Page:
When a Placement is in Their Home
- Babysit!!!!!!! I cannot emphasize this one enough. The dates that Theo and I were able to go on while we were fostering were such a breath of fresh air. I know that ALL parents understand that, but the burden of foster care is so great and sometimes these foster parents just need to get away from it all.
- Gift Cards. We all have crazy schedules, and bringing meals is not going to happen. But as a foster parent, they have SO MUCH going on in their schedule, and so much of it is unpredictable. Having gift cards on hand to be able to eat out or stop by a restaurant on the way home from visitation is like pure gold. SO HELPFUL.
- Letters, Emails, Scripture. This is a running theme, but these foster parents need to hear these words so badly. Send them a cute canvas with a Scripture verse, or a sweet note in the mail, or just shoot them a text with some Scripture! It will go a long, long, long ways. Trust me.
- Treat the child like their own. It gets complicated in the world of foster care. Is the child staying, or going? How long? Why? All of these questions are so hard to answer, but one thing that meant so much to me was when people treated Little Miss just as they would Tera. If Tera got a present, Little Miss got one, too.
When a Child Leaves- obviously, this is going to be a really hard time for the foster parent. Please try to treat them as if they are grieving, because they are. Even if they knew that this would happen all along, they still need to be treated like they are going through something difficult.
- Meals. When Little Miss left, I found that my grief manifested itself most in exhaustion. I just couldn’t do anything except take a nap on the couch (or in my bed). Cooking dinner was the last thing on my mind.
- A Personalized Gift. Buy a gift for the foster parent to remember the child by. On the day Little Miss left, Theo went to the store and had a picture printed and framed of Tera and Little Miss. It was so meaningful to me that he did that, and I now have that picture on my dresser. My sister in law made an incredible remembrance jar for us that signified what foster care means in our home.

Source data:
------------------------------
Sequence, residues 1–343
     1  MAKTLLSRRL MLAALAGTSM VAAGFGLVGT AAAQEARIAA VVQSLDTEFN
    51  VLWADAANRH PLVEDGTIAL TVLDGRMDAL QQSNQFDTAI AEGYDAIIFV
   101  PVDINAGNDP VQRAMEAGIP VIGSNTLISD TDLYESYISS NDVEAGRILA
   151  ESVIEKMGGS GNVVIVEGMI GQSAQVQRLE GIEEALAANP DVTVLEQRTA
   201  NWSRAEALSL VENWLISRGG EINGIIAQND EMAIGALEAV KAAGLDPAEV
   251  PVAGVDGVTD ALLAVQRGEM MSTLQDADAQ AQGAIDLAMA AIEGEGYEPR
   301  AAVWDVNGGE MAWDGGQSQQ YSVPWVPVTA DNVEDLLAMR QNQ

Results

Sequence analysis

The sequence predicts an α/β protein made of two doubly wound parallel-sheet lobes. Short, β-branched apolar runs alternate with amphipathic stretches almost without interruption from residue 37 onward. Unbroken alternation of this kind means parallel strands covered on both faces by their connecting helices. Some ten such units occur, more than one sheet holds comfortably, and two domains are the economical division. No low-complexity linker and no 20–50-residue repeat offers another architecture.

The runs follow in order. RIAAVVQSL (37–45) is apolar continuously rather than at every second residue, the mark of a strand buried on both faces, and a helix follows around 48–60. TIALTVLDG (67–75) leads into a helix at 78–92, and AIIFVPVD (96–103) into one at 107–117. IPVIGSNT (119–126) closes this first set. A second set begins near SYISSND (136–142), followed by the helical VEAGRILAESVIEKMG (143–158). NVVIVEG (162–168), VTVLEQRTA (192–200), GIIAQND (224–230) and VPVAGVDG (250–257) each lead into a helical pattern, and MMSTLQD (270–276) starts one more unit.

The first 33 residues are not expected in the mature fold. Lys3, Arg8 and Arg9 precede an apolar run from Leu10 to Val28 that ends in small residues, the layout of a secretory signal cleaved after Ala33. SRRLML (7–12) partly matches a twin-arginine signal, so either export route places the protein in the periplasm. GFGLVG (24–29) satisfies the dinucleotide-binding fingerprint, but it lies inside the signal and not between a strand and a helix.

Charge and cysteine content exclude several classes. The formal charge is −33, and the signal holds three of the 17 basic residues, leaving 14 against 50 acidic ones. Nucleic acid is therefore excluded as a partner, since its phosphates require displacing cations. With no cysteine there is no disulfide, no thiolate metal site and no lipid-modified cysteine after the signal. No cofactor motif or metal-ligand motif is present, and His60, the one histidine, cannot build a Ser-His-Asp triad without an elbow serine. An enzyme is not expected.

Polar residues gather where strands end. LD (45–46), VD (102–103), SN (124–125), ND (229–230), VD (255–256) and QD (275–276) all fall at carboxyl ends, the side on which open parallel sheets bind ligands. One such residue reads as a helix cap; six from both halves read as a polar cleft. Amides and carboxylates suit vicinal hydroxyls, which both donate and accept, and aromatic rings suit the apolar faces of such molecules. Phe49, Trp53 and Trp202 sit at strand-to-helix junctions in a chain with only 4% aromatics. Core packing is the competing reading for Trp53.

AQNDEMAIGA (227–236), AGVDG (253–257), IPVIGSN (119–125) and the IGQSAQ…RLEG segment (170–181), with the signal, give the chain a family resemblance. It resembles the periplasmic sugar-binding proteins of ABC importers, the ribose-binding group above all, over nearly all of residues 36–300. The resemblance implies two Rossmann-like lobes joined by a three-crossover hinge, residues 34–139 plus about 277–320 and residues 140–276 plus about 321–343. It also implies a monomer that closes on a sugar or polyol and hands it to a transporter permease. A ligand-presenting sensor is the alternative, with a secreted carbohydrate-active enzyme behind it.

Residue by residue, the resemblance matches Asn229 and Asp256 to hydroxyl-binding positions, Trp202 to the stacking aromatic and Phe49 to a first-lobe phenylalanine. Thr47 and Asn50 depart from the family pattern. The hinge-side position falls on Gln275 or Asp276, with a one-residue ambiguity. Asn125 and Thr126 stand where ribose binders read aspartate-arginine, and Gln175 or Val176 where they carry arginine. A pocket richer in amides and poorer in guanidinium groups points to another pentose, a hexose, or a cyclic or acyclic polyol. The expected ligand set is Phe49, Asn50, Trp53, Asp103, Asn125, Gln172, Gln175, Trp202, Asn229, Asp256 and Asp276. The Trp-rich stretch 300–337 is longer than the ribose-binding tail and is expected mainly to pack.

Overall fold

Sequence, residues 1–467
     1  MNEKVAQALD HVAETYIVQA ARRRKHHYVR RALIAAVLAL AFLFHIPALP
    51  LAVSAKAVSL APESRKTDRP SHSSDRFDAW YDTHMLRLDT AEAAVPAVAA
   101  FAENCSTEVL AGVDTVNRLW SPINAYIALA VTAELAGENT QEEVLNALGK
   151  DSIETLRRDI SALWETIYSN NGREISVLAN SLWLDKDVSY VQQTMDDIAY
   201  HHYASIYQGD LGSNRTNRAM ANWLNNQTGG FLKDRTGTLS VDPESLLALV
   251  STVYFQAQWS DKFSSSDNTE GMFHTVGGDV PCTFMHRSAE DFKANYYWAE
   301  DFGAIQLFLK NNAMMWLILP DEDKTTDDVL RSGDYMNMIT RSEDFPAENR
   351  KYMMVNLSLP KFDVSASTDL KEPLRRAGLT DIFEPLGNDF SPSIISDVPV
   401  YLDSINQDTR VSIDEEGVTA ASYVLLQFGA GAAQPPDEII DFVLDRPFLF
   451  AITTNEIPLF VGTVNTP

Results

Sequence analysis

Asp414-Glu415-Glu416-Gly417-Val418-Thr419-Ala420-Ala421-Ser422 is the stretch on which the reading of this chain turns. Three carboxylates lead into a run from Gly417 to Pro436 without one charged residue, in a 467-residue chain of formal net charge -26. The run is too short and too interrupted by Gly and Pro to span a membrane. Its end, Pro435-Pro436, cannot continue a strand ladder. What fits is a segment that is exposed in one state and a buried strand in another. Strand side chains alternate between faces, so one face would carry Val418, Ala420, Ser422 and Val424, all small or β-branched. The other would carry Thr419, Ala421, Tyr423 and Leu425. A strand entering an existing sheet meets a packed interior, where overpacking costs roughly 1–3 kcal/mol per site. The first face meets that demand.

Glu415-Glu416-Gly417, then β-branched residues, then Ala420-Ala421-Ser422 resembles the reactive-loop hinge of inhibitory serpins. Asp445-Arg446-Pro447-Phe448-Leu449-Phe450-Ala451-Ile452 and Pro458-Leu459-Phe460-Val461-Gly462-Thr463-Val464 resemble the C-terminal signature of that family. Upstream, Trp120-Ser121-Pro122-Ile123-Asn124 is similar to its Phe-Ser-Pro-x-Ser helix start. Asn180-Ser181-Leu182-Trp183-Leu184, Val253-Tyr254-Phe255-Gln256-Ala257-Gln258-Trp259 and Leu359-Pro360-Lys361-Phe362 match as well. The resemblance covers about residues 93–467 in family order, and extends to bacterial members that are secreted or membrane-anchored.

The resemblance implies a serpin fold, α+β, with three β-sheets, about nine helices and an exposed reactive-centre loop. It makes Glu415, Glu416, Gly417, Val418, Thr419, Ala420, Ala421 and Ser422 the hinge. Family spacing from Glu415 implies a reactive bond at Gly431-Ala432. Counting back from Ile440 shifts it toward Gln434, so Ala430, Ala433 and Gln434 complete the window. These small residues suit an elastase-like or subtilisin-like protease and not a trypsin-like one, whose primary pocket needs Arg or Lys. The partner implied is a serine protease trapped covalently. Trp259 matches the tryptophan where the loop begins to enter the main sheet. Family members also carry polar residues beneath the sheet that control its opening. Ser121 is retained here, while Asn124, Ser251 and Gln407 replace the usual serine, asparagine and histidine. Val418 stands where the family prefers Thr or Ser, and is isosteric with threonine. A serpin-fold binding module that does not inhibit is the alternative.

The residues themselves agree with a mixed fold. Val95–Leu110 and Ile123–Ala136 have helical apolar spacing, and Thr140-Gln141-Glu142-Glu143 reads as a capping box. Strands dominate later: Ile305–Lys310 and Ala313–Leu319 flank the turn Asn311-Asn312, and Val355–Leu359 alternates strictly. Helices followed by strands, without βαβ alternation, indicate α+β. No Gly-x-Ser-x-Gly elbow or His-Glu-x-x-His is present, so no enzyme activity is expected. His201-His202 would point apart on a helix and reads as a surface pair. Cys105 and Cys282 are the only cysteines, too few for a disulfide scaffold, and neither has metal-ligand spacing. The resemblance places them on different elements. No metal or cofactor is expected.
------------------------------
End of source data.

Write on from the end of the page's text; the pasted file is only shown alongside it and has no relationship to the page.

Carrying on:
- Just let them know you are thinking of them. Don’t just say, “that must be so hard”. That just makes it harder when that comment is followed by…nothing. Say, that must be so hard…here is a hug. Or a letter. Or a pint of ice cream, and I’ll sit down and eat it with you.
These are just SOME ways that you can support a foster parent. There are so many other creative ways to give them support! And remember, if you feel that you can’t do foster care…that’s fine! But I bet that you could do one of the things on this list for a foster parent, and you never know the encouragement that it will give them to keep on going. That in itself is the best impact you could have on foster children.
If you have any questions at all about foster care or adoption from foster care as I go through this series, please don’t hesitate to ask. You can leave a comment or send an email. At the end of the series, I will have a Q&A day and will be answering any questions I receive throughout the month.
Day 1: Introduction
Day 2: Meet the Hines
Day 3: Shop Feature: Karla Storey
Day 4: Why We Chose to Foster
Day 5: The Process
Day 6: The Cast of Characters
Day 7: The Paperwork
Day 8: The Goal is Reunification
Day 9: Reflections
Day 10: Shop Feature: Ransomed Cuffs
Day 11: The Placement
Day 12: The Daily Life
Day 13: The Extra’s
Day 14: Bonding
Day 15: The Goodbye
Day 16: Reflection
Day 17: Shop Feature: Together we Rise
Day 18: Finances
Day 19: Rules
Day 20: Foster or Foster to Adopt
Day 21: Public Agency or Private Agency
Day 22: Books/Resources/Blogs
Day 23: Reflections
Day 24: Shop Feature: The Archibald Project